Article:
As Sorsyp munched plums stuffed with minced juk fruit and pine-meat, Drystaff questioned him. “What of the wise man?”
Sorsyp slurped his toddy through a reed straw and, nodding his headdress vigorously, said, “Yes, much returns after a single sip. The man you describe always appeared during Harfest. He purchased herbs I gathered at that time.”
“And his name?”
“Never was it given.”
“Did he indicate his dwelling place?”
“Not directly.” Sorsyp grimaced in thought and leaned forward. Drystaff avoided the rooster headdress, which almost pecked his own hat.
“Phaustwood! That’s it.” Sorsyp shivered. “But the Phausts brought evil to that place.”
“Where is this wood? And what are Phausts?”
“It lies southwest. A short walk for the stout-legged, but the only water available for many leagues thereafter is in the woods. The Phausts,” said Sorsyp between slurps, “were a band of brigands who based their raids from its depths. One day they attacked Duke Caffalafha’s royal carriage as it passed near the forest and the archducal wizard, Xommph, blasted them with a curse.”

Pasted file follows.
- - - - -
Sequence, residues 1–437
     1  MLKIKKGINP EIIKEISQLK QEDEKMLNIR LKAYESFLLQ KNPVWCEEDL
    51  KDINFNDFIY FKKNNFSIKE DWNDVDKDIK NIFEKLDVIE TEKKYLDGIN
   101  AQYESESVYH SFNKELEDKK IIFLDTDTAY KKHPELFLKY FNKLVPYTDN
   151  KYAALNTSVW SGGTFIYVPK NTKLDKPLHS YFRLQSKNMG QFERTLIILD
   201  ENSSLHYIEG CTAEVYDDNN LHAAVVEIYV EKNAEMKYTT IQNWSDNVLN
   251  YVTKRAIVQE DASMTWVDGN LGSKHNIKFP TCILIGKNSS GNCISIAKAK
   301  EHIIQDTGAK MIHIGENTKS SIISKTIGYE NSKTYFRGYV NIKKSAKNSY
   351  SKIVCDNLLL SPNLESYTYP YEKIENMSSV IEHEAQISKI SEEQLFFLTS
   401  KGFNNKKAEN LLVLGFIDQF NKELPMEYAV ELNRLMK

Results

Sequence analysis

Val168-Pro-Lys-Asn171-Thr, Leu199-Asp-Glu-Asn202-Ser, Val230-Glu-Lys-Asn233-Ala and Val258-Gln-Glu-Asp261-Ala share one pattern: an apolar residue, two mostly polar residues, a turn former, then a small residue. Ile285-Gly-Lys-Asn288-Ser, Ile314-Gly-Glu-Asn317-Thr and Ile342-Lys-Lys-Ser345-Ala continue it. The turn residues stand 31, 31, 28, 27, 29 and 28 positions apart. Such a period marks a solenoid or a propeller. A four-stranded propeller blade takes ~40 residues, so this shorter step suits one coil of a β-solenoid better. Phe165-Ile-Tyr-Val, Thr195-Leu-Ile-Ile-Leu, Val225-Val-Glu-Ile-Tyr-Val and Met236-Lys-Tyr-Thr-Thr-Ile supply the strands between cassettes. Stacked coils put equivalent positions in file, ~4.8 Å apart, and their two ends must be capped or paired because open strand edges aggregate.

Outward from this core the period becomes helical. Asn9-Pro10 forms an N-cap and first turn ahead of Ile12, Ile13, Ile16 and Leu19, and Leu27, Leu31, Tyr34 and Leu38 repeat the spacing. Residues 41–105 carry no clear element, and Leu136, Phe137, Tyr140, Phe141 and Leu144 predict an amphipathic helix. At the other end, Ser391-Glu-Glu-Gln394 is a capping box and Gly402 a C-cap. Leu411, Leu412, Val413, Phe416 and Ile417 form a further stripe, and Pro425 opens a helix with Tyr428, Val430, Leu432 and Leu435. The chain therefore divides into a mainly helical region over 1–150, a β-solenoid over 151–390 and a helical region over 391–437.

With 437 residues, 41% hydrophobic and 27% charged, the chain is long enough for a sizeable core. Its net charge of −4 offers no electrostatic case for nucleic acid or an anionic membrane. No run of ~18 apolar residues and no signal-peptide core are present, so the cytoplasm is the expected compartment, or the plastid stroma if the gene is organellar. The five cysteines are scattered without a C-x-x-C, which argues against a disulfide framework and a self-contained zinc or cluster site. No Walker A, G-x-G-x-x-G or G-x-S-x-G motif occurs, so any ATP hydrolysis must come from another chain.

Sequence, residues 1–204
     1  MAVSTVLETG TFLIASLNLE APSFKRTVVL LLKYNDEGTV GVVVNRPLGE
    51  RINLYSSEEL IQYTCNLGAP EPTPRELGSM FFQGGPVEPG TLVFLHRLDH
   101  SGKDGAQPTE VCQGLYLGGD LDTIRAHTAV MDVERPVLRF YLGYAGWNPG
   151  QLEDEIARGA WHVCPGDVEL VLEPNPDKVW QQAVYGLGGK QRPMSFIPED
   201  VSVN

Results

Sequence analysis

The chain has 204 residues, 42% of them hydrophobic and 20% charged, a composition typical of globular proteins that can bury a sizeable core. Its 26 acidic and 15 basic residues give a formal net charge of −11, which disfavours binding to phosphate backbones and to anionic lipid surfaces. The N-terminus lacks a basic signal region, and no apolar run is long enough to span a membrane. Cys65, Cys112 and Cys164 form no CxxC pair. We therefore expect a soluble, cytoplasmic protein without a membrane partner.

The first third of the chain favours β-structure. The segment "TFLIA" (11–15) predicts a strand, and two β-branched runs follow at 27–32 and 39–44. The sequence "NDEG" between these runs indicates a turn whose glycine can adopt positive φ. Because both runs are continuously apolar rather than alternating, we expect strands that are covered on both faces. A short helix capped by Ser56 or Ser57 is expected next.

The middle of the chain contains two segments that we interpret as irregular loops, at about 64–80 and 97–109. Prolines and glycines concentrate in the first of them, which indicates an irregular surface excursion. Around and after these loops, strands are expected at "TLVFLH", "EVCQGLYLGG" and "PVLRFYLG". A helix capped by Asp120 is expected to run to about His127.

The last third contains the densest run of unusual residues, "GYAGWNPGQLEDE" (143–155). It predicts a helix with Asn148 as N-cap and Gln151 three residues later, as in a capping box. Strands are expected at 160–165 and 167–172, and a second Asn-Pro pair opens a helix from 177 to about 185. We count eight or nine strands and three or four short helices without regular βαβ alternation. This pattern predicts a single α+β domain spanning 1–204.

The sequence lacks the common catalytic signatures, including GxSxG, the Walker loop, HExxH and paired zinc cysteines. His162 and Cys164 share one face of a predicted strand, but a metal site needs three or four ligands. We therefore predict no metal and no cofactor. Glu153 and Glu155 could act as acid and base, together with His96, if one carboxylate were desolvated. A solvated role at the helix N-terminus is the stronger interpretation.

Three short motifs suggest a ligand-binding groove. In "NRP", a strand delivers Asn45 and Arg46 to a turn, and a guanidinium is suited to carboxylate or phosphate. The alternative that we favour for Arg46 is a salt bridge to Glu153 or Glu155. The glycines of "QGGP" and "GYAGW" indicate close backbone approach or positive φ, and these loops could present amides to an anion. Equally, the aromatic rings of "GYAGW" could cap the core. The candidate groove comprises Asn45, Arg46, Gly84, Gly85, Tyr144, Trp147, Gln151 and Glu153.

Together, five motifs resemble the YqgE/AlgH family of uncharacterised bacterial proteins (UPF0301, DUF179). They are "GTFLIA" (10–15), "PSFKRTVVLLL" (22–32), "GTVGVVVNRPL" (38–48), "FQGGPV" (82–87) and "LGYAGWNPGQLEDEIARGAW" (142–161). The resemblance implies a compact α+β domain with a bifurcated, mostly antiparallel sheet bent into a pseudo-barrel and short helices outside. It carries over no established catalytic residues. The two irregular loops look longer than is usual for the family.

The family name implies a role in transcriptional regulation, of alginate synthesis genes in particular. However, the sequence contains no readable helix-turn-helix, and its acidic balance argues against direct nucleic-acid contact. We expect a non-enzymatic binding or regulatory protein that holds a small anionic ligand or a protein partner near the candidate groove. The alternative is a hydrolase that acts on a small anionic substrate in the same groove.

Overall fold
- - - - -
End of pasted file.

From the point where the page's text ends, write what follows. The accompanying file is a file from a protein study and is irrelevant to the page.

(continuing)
“Of what type?” queried Drystaff.
“As I recall, the brigands were magically impelled to a riddle game. Failure brought mayhem upon the participants – it is believed they strangled one another. The brigands dispersed but the curse is thought to be timely still, attending all those who enter Phaustwood.”
Drystaff was about to elicit more information when the inn was beset with a commotion. Many women armed with clubs, rolling pins, brooms, and other bludgeoning devices burst through the front door, trampling Buerthwigh as he attempted to stop them. Leading the group was a large, grey-haired woman armed with a wooden mace and ugly features.